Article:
Creative director
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Made in California: Denim

“I think it was about getting our products right,” said Samuel Ku, AG’s 32-year-old vice president and creative director. “We didn’t have the right people designing it. We are back to creating a product that the public is thirsty for.” (Anne Cusack / Los Angeles Times)
Donald Gould works as a graphic designer for AG Adriano Goldschmied in South Gate. (Anne Cusack / Los Angeles Times)
The denim is smoothed after being laid out before the cutting process. Rolls of denim are first laid out flat using a fabric spreading machine in what might seem like a less-than-economical scheme: laying out only a few layers of fabric at a time rather than the much thicker amount the machine can handle. But it’s by design. (Anne Cusack / Los Angeles Times)
The cut pieces of denim are placed in a bag. A Gerber cutting machine follows, but first, a thin layer of plastic covers the fabric while a vacuum suction is applied from below to ensure that the denim doesn’t move. The carefully designed cuts utilize all but 3% to 5% of the fabric. (Anne Cusack / Los Angeles Times)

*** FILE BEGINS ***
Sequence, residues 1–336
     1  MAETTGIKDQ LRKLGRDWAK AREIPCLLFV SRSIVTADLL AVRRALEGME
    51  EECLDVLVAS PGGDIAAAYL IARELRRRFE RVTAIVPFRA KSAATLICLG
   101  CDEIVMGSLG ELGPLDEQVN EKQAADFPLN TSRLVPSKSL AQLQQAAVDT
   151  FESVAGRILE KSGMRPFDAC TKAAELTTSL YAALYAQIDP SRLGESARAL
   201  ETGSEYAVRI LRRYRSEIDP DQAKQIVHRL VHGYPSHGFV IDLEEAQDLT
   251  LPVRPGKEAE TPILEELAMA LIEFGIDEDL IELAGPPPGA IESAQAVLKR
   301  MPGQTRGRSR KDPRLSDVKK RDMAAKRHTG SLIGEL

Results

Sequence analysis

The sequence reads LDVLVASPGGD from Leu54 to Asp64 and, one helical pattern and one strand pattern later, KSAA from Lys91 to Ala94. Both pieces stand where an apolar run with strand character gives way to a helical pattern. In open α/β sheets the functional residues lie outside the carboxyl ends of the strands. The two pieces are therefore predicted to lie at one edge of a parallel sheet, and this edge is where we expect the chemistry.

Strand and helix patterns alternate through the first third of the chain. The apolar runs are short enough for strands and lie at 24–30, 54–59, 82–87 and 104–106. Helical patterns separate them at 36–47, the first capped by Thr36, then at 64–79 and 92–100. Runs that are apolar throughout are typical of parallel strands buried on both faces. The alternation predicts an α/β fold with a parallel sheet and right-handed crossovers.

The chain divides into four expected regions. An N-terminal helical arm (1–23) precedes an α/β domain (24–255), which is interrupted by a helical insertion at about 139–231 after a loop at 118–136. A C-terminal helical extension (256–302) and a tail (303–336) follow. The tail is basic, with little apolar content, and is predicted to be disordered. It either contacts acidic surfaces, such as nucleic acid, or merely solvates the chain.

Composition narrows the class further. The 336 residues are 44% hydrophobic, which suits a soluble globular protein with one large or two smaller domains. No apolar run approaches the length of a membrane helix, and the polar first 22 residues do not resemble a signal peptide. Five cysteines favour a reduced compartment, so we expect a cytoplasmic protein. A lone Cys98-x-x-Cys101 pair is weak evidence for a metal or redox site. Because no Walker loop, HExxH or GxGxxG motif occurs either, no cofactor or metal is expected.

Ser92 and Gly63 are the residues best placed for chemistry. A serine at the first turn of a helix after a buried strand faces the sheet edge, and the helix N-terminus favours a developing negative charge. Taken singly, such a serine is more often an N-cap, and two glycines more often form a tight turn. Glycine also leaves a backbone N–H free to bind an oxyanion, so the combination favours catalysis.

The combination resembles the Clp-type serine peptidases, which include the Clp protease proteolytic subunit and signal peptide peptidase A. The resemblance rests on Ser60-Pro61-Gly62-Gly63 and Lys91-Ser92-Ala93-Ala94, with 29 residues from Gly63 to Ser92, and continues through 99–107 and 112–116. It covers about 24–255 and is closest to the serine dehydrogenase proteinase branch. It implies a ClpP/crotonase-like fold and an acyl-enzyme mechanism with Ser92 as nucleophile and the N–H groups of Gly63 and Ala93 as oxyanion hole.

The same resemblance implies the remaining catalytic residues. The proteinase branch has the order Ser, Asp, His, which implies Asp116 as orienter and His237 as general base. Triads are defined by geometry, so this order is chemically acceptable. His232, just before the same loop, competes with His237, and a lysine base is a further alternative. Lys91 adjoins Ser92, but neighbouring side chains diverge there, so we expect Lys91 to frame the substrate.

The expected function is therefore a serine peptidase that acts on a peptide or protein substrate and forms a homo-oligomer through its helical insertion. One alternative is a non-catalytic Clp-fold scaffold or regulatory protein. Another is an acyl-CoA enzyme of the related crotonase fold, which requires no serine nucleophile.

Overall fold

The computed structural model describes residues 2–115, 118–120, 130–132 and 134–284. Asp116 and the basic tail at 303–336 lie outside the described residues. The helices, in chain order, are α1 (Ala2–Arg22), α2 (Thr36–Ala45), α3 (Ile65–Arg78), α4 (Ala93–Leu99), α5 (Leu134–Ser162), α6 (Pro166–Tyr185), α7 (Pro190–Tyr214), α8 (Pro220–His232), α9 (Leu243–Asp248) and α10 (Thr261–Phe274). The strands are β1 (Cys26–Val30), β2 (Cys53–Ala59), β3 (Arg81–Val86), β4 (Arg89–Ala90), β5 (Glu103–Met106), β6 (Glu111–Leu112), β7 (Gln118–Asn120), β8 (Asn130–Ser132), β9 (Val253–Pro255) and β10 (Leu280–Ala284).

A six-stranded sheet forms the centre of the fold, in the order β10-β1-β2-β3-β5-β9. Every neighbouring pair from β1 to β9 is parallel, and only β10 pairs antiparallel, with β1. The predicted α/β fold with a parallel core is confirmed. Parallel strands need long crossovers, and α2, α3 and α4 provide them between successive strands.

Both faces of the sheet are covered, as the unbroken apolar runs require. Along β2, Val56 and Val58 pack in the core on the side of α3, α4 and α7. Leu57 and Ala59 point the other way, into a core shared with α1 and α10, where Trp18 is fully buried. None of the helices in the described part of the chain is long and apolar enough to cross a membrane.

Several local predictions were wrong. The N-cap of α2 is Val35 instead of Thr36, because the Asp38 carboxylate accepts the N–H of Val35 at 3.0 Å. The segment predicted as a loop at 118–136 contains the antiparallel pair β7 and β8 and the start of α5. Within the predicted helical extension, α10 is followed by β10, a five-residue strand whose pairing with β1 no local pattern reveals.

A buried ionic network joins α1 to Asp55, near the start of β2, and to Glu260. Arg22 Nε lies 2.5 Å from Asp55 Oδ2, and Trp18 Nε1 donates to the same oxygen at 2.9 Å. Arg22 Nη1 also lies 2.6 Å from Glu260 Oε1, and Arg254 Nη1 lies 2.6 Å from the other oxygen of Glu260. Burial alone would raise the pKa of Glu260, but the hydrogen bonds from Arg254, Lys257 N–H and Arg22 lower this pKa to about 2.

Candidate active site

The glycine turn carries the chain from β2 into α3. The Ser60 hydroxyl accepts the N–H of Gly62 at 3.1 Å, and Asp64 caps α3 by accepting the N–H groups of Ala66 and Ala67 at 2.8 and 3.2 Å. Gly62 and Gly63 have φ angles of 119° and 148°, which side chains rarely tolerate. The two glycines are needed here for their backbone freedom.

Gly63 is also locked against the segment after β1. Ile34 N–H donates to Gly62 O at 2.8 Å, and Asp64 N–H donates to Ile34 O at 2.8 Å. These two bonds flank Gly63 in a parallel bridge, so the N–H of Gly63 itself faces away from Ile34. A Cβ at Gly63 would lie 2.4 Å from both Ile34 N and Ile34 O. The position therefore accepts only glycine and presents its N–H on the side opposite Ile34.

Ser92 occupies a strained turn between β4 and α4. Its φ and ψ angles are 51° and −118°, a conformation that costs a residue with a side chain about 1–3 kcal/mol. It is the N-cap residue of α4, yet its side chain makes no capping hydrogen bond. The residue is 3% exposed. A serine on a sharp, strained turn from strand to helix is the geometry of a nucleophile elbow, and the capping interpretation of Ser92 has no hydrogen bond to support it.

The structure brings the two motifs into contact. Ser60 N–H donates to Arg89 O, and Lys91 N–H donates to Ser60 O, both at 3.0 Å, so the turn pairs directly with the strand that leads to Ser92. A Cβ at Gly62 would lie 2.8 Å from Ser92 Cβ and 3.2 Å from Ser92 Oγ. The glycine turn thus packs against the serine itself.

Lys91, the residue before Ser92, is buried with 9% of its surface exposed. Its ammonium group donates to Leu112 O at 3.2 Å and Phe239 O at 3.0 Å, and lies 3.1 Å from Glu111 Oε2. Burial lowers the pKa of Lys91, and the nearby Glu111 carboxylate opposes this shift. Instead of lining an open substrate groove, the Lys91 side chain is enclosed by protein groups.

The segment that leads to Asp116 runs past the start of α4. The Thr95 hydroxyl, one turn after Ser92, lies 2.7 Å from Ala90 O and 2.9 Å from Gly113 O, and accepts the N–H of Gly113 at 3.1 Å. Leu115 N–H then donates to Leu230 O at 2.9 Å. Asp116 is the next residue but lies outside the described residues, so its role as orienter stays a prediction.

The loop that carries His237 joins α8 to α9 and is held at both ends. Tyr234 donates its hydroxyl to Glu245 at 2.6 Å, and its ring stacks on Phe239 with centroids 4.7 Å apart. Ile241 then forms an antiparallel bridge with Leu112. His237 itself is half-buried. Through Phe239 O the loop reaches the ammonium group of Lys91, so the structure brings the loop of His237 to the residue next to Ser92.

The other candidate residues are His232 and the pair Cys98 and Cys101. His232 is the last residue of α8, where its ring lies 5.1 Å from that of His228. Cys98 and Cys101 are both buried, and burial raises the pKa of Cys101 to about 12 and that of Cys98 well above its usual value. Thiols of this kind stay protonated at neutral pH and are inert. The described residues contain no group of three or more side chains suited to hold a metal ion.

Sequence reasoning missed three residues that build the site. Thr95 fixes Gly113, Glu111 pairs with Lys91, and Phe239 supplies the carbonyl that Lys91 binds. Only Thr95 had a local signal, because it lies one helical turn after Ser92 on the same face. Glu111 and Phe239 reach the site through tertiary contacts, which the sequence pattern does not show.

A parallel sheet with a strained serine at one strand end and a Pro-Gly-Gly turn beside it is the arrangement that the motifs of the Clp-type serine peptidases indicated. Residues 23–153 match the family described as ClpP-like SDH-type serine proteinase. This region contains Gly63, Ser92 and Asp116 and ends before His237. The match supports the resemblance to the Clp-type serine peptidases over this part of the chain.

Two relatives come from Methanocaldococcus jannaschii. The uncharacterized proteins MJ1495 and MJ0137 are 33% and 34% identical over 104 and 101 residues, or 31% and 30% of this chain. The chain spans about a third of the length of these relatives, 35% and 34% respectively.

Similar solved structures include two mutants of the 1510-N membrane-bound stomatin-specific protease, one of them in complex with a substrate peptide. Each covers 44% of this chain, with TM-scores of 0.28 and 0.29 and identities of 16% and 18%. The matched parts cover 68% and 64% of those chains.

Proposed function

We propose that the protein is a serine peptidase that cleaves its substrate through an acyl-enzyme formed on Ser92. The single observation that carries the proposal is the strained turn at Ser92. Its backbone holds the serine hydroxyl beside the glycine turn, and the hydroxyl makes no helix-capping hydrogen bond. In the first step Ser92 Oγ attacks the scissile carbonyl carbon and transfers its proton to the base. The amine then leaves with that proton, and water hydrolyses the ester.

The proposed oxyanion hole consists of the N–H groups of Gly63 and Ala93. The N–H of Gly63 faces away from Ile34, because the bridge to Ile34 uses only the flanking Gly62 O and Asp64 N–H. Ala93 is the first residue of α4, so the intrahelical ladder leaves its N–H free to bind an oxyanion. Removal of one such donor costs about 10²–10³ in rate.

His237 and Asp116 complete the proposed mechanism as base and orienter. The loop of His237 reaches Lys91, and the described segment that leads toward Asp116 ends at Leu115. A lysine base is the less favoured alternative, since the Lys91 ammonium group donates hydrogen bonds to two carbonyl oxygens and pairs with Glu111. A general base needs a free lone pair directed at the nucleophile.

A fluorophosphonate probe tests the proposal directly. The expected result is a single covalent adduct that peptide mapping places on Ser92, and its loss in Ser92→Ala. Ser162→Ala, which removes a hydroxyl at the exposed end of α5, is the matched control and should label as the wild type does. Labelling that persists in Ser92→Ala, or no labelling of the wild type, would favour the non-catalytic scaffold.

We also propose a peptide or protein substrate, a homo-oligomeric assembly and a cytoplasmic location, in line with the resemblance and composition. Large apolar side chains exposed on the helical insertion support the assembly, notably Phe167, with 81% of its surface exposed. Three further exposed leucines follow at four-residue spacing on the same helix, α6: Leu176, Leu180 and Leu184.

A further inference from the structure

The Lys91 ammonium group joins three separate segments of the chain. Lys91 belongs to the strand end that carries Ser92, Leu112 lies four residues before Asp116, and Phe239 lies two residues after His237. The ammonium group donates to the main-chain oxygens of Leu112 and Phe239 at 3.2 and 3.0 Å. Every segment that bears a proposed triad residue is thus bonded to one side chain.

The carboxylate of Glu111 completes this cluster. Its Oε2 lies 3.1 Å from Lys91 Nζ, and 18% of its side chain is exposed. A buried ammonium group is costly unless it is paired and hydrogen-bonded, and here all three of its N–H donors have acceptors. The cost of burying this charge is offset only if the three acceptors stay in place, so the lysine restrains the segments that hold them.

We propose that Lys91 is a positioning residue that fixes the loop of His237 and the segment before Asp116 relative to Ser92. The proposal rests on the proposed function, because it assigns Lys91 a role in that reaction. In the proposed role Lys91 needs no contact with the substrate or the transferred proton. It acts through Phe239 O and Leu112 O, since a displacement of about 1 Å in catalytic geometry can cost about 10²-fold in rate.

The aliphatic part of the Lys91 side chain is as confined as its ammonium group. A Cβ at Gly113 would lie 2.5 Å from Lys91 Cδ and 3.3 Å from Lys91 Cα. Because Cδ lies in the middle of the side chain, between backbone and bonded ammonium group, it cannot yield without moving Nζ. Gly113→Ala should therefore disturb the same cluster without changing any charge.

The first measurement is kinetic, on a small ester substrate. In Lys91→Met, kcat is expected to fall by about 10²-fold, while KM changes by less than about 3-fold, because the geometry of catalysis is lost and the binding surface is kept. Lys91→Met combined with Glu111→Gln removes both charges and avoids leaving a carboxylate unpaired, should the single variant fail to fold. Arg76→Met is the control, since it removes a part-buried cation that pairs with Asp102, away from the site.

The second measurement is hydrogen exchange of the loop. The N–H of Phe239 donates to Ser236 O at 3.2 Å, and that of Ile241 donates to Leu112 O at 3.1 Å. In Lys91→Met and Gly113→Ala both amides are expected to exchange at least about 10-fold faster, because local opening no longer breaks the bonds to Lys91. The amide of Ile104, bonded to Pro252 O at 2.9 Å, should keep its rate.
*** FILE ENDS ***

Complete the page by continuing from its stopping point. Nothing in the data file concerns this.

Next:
Hundreds of workers sew the denim jeans. The sewing process requires 35 to 40 steps. (Anne Cusack / Los Angeles Times)
A state-of-the-art laser burns whiskers (decorative streaks) into a pair of jeans. To achieve a vintage look, the company employs techniques that look more like special effects from the movie industry than a manufacturing process. Lasers sizzle their way across the knee section of a pair of jeans in a clear enclosure that wafts away fumes before they can reach workers. (Anne Cusack / Los Angeles Times)
A label reading “Made in South Gate (Somewhere in California)” moves along on a conveyor belt. AG emphasizes its made-in-the-USA credentials because, like many other premium jeans makers, AG has found that manufacturing in the U.S. is a selling point. (Anne Cusack / Los Angeles Times)
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